Military News

Friday, March 27, 2015

Face of Defense: Civilian Amputee Inspires Military Patients

By Lori Newman
DoD News, Defense Media Activity

JOINT BASE SAN ANTONIO-FORT SAM HOUSTON, Texas, March 27, 2015 – The first quadruple amputee to receive treatment at the Center for the Intrepid here is a female retired police officer and the wife of a retired Coast Guardsman.

Donna Lowery, who hails from Corpus Christi, Texas, lost her limbs over a year ago due to a bacterial infection that almost took her life. But today, she’s surviving and thriving –- and inspiring the center’s military patients.

“I truly believe that God has brought me to this time in my life, to reach out to some of these young men and women who have suffered overseas while defending their country,” she said.

‘She Inspires us to Smile’

“She is never a negative person, ever. She inspires us to smile,” said Army Staff Sgt. Angel Figueroa, who is also a patient at the Center for the Intrepid. “She is a person with so many disabilities, and she doesn’t show anger or hurt or anything like that. She is actually happy to be alive. She tries to make the best of her situation, and that’s a good inspiration for all of us.”

Lowery said she’s humbled to be at the center. “I just cannot compare my situation to what these young kids have gone through,” she said. “The loss and the trauma they have suffered -- it’s been such a blessing for me to be here and to be able to talk to them.”

Lowery said she’s grateful “for this remarkable place and these incredible people,” calling her experience a blessing.

A Mysterious Illness

A few days after Mother’s Day in 2013, Lowery’s husband noticed she wasn’t acting like herself; she was incoherent, so he brought her to the emergency room.

“I don’t even remember leaving the house or being in the ER,” she said, thinking back to that fateful day. “The doctors didn’t know what to do.”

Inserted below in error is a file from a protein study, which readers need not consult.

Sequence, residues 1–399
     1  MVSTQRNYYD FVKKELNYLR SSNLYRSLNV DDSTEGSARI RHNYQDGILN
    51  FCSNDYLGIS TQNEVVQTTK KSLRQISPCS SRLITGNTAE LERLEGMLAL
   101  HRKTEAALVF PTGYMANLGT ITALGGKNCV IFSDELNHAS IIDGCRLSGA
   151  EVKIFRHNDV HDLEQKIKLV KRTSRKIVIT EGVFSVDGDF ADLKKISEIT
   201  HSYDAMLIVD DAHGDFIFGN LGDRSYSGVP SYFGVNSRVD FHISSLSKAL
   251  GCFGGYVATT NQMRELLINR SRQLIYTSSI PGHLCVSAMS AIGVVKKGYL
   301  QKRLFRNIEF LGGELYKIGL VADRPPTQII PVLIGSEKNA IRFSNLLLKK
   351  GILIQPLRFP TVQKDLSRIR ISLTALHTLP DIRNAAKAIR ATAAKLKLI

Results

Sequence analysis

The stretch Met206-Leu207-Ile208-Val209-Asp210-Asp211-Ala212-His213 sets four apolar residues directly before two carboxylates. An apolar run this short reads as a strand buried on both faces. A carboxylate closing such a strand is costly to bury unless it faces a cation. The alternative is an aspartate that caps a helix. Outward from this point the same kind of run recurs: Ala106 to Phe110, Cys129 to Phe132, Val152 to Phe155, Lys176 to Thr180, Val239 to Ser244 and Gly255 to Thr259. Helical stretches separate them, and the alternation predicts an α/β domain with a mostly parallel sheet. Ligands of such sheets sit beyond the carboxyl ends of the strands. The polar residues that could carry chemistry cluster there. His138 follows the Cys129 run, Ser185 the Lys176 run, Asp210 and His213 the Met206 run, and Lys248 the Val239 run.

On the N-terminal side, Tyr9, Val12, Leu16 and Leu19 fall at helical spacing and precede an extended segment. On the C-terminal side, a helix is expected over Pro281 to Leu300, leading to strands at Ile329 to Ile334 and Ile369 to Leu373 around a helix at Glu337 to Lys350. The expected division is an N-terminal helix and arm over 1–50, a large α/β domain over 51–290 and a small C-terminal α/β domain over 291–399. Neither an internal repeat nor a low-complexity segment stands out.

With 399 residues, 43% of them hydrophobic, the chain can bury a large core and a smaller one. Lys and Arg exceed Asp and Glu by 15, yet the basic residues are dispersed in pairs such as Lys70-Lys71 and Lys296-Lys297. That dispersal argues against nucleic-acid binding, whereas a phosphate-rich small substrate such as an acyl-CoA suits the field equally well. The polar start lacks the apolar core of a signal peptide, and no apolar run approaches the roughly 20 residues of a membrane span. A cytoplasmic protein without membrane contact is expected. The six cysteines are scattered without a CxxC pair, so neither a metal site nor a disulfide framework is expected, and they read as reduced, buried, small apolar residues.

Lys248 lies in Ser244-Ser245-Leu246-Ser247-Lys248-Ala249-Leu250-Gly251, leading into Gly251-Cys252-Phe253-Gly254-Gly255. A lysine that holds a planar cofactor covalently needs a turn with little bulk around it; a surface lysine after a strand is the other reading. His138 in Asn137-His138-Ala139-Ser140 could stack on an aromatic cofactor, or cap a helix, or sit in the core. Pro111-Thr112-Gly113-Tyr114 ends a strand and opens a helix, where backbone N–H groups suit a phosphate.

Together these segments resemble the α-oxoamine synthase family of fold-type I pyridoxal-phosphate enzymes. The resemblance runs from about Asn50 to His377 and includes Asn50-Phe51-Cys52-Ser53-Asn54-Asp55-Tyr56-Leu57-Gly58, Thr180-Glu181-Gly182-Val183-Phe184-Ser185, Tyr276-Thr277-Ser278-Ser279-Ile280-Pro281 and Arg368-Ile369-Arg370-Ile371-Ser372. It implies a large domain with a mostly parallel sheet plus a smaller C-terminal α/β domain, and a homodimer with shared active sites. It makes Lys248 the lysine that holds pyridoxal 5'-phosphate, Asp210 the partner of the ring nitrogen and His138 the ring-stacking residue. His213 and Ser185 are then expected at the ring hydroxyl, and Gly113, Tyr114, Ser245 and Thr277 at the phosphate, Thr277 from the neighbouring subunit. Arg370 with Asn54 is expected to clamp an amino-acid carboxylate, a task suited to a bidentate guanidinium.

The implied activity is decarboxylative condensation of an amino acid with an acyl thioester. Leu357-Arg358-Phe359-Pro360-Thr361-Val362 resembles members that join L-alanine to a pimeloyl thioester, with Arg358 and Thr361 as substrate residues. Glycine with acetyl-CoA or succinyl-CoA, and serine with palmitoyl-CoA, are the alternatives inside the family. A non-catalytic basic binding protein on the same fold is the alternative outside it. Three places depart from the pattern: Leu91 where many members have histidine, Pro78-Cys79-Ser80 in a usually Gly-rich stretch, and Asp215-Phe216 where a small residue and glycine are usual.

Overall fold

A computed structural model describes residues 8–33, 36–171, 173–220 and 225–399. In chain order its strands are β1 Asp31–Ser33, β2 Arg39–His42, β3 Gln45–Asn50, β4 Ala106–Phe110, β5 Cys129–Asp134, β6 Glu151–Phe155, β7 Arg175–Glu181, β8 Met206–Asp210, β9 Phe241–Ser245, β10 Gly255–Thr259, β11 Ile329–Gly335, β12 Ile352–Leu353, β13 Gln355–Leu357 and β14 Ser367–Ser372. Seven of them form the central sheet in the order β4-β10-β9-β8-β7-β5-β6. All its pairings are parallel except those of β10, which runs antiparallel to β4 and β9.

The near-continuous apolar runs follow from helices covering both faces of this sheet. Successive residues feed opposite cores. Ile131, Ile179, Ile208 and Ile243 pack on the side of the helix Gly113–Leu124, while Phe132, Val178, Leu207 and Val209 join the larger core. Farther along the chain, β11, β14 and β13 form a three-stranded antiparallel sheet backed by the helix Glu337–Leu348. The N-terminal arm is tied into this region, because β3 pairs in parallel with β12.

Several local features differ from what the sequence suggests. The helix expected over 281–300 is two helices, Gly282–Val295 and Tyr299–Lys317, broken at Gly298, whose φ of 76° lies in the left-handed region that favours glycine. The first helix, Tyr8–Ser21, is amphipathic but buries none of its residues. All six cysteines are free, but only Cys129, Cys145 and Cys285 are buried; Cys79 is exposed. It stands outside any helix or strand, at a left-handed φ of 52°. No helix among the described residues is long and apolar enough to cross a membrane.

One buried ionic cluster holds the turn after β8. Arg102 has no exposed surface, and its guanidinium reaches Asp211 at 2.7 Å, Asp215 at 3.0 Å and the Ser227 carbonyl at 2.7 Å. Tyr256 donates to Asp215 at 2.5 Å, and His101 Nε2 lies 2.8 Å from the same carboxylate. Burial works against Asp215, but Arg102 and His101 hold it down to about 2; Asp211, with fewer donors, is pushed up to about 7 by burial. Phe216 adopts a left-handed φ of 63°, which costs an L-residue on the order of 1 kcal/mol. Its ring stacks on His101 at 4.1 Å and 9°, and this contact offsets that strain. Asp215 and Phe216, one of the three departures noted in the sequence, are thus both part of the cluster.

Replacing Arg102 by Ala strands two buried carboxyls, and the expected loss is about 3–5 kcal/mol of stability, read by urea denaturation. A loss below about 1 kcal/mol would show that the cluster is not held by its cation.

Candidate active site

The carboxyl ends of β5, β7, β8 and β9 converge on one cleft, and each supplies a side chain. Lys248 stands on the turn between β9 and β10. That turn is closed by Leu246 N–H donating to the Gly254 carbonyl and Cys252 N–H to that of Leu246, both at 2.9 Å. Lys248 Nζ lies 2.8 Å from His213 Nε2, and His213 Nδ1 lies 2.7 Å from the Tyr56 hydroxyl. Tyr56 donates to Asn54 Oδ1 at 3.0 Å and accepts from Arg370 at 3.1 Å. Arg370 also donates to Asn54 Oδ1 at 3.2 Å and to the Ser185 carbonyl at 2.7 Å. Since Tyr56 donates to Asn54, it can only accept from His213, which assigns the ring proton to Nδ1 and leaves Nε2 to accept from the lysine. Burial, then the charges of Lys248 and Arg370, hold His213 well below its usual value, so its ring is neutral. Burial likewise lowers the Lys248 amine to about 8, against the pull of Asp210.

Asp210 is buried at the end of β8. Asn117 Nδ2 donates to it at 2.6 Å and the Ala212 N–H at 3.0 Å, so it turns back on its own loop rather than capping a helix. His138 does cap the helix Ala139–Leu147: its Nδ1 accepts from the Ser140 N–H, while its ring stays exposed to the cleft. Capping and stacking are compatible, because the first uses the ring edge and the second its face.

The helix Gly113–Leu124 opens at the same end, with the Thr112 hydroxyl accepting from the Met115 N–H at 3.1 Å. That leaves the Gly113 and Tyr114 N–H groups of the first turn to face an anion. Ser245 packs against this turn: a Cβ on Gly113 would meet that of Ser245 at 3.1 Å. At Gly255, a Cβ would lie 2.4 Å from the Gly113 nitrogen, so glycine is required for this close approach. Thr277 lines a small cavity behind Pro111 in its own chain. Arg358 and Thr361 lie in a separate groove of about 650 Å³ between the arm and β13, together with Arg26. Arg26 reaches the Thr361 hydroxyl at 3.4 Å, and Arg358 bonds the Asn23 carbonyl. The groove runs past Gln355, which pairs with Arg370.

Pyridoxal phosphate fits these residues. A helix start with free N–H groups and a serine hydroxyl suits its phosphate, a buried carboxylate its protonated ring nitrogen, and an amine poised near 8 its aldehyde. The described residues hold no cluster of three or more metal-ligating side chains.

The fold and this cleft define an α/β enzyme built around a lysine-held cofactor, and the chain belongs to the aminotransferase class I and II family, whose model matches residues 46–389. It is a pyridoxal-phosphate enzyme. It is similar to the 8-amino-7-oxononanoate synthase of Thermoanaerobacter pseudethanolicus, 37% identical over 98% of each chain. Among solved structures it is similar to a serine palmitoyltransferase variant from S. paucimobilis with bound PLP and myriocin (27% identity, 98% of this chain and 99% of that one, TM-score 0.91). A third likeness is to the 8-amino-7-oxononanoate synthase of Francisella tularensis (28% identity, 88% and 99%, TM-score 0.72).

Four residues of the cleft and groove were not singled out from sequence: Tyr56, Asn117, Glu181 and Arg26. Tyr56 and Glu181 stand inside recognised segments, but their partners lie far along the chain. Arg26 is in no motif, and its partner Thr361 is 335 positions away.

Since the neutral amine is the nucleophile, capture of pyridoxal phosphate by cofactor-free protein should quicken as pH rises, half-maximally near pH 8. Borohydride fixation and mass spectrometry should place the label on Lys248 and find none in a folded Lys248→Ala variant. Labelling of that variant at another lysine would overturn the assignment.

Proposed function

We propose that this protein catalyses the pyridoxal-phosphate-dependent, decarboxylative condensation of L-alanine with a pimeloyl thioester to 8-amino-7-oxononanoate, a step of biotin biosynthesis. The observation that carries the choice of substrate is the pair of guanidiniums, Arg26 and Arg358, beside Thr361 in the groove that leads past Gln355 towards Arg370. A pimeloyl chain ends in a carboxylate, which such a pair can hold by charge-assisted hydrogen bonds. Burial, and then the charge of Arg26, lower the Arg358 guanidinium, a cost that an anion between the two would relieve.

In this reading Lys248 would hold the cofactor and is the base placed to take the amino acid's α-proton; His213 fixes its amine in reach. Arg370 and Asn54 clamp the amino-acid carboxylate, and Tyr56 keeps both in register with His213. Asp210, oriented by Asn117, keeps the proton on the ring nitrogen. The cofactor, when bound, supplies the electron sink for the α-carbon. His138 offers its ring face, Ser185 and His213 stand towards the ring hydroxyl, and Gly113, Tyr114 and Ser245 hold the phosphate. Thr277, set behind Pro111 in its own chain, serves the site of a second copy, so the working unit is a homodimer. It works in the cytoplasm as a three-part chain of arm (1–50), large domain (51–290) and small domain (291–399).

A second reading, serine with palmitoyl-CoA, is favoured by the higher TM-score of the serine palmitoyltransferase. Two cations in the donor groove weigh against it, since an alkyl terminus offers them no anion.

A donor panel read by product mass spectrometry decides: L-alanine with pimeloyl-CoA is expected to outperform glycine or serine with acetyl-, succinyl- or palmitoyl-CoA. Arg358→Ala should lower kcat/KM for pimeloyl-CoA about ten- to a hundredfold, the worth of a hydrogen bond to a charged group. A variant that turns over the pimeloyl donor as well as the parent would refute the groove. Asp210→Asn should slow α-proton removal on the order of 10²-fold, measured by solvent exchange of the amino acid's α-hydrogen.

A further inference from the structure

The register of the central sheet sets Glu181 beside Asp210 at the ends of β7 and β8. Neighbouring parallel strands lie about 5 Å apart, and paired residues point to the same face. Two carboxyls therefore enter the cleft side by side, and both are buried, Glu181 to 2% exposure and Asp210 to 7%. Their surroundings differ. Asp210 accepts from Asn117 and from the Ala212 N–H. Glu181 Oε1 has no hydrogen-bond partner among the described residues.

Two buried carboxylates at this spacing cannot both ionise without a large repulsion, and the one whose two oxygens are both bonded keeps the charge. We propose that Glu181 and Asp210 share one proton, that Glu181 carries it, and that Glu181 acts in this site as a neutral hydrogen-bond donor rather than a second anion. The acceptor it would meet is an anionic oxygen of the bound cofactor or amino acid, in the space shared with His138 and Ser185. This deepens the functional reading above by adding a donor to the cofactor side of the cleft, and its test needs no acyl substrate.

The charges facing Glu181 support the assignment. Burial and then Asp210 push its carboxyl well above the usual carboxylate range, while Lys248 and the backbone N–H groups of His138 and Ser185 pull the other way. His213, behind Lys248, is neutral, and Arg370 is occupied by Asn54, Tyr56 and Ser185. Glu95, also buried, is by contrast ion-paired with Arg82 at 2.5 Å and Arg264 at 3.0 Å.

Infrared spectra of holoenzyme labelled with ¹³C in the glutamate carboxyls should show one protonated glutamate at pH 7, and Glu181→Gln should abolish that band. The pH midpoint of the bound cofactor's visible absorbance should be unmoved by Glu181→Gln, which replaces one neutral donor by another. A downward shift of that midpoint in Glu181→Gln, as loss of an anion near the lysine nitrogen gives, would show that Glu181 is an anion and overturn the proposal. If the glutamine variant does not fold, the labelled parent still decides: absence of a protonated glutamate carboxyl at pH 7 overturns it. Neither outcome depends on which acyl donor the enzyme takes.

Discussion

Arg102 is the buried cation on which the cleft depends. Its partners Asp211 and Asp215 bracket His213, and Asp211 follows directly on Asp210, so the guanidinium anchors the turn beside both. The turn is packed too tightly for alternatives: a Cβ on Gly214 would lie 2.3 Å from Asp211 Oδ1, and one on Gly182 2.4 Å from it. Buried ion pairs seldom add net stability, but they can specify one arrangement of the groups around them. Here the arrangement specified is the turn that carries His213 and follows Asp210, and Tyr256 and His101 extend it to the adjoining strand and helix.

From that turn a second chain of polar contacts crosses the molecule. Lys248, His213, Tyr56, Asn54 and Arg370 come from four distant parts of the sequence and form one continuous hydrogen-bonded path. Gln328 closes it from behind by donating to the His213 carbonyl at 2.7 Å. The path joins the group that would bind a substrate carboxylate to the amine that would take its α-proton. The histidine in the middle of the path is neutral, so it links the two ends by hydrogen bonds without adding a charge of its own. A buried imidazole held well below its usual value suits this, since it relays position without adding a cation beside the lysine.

She was jaundiced, her kidneys failed, her liver shut down and her blood pressure dropped. She was in a coma for more than three weeks. Her family flew to Texas to say goodbye, because they didn’t think she would live.

Lowery survived, but when she awoke all four of her limbs were gone. The medications she was given kept her alive, but at a terrible cost. Her limbs had to be amputated due to a loss of blood flow to her extremities.

“I saw that the one [arm] was gone, I immediately looked at the other one and it was gone,” she said sadly. “Then my husband pulled back the covers and said, ’Babe, I need to show you something,’ and I saw my legs were gone.”

At that point, Lowery said she was confused because she didn’t know where she was. She couldn’t talk due to a tracheotomy and she was experiencing phantom pain in her extremities even though her limbs were not there.

“I just remember waking up with my husband there and this doctor is standing over me and no limbs all of a sudden,” Lowery said. “I’m wiggling limbs around and I’m not seeing anything moving. I’m freaking out.”

She said, like flicking a switch, her “faith kicked on.” She said she told God “this is your problem, because this is way bigger than I can handle.”

Prosthetics, Therapy and Faith

She received treatment at three different community hospitals before coming to the CFI in June 2014. Since then, using prosthetics, the 58-year-old has made remarkable strides to regain her mobility.

Lowery and her husband stay in the Fisher House across from the CFI. During the week, her mornings are spent in occupational therapy and afternoons in physical and occupational therapy.

“A lot of people pity someone like me who has lost all four limbs. People ask me how I get through this, but I have a very strong faith,” Lowery said. Plus, she added, “this place is amazing. Having everybody in one facility, working together as a team sets this place apart from any other facility.”

As for Lowery’s future, she says she doesn’t know what she will do in this new chapter of her life. But, she said she will continue to advocate for other amputees and is considering becoming an occupational therapist.

“The hardest thing is feeling like you have lost your independence, but it doesn’t have to be that way,” she said. “No matter what happens, you can never lose your faith. We are all put here for a purpose.”

Brooke Army Medical Center here has cared for more than 5,200 wounded service members over the past decade.

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